Anti-Fracking Protest Gains International Voice
TORONTO – Efforts by anti-fracking protests at the Elsipogtog Mi’kmaq Nation have brought Amnesty International into the fray. The battleground that turned violent in late October has become an international focal point pitting Indigenous peoples and their efforts to protect the earth up against government and energy companies. The energy company has launched civil suit actions against protestors claiming their actions are costing the company massive money.
The local protestors, who have never made treaty with the Crown are now moving to stake claim on their lands.
The issue is long from over.
Amnesty International has stepped in to the ongoing protest with an open letter to David Alward, the Premier of New Brunswick.
Open Letter to Premier Alward
Dear Premier Alward:
Our organizations are deeply concerned by the Province of New Brunswick’s response to anti-fracking protests at the Elsipogtog Mi’kmaq Nation. We are appreciative of the efforts of all involved to allow a cooling off period following the violence of October 17. However, it is our view that this clash could have been avoided had the province acted in a manner consistent with its obligations to respect the human rights of Indigenous peoples under Canadian and international law. Furthermore, we are concerned that unless the province adopts an approach consistent with these obligations, further clashes may occur.
In 2007, an Ontario public inquiry into police and government response to Aboriginal protest – the Ipperwash Inquiry – concluded that blockades and occupations are “symptoms” of the long-standing failure of governments in Canada to resolve land and resource disputes in a fair, timely and effective manner. In the Inquiry report, Justice Sidney Linden wrote that blockades and occupations “occur when members of an Aboriginal community believe that governments are not respecting their treaty or Aboriginal rights, and that effective redress through political or legal means is not available.” Justice Linden called for a redoubling of efforts “to build successful, peaceful relations with Aboriginal peoples…so that we can all live together peacefully and productively.”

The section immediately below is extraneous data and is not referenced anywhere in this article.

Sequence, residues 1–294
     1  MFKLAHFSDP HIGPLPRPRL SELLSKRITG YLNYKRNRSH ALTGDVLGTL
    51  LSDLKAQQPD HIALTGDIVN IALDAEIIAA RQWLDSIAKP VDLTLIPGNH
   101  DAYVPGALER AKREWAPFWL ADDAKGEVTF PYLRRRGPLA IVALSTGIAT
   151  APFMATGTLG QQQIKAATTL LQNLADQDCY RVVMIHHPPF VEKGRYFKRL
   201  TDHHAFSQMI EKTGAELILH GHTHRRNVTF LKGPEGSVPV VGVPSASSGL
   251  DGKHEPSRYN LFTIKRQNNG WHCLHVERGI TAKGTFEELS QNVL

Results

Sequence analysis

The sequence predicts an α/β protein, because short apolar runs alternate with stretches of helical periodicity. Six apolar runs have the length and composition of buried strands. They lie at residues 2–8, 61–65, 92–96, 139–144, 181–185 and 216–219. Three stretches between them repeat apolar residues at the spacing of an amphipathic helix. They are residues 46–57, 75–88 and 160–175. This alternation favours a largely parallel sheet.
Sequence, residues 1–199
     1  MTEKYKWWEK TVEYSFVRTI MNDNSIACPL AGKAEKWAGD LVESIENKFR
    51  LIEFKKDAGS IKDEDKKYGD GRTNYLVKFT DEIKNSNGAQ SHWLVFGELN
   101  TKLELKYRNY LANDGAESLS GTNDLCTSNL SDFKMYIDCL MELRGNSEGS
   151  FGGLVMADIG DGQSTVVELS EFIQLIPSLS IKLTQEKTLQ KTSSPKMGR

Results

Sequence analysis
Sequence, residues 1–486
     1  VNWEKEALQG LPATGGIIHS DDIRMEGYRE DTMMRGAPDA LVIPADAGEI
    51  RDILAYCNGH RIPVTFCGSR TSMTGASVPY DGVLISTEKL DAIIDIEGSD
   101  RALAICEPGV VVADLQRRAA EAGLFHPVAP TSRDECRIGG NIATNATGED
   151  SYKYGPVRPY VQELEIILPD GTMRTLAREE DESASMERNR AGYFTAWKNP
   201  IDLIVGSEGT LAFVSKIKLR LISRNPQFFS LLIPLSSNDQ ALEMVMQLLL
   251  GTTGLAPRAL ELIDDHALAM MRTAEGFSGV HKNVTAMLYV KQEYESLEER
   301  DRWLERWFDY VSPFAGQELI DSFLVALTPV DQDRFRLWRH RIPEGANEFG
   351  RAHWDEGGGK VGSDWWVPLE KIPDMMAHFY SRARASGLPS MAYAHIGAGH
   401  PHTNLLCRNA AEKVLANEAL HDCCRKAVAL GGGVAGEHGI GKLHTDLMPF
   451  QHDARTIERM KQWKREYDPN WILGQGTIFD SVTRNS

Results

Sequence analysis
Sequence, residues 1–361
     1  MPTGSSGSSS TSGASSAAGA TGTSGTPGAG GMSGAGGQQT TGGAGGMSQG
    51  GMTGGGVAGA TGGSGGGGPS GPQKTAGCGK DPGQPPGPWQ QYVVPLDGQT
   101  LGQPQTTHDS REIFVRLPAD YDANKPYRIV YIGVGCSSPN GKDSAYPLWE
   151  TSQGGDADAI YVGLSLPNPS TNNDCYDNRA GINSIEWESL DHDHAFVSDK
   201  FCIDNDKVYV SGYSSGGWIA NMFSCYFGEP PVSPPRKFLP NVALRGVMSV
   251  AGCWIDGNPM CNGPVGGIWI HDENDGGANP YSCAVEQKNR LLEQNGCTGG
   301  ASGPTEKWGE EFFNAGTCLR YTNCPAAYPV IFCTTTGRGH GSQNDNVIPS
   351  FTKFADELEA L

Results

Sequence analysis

In this spirit, our organizations highlight four areas where we believe the province of New Brunswick can do more to rebuild just relations with Indigenous Peoples in relation to resource development and the potential for disputes.
First, it is critical to acknowledge that Indigenous Peoples have rights to their lands, territories and resources that predate the creation of the Canadian state. These pre-existing rights are affirmed in the Peace and Friendship Treaties, in the Royal Proclamation of 1763, and in section 35 of the Constitution Act, 1982, as well as in authoritative international human rights instruments including the United Nations Declaration on the Rights of Indigenous Peoples. Canada’s failure to protect these rights has been repeatedly condemned by international human rights bodies, including the Inter-American Commission on Human Rights, which found that the comprehensive claims processes fall below international standards of justice. Your government can make a meaningful contribution by communicating clearly that these rights exist and must be respected.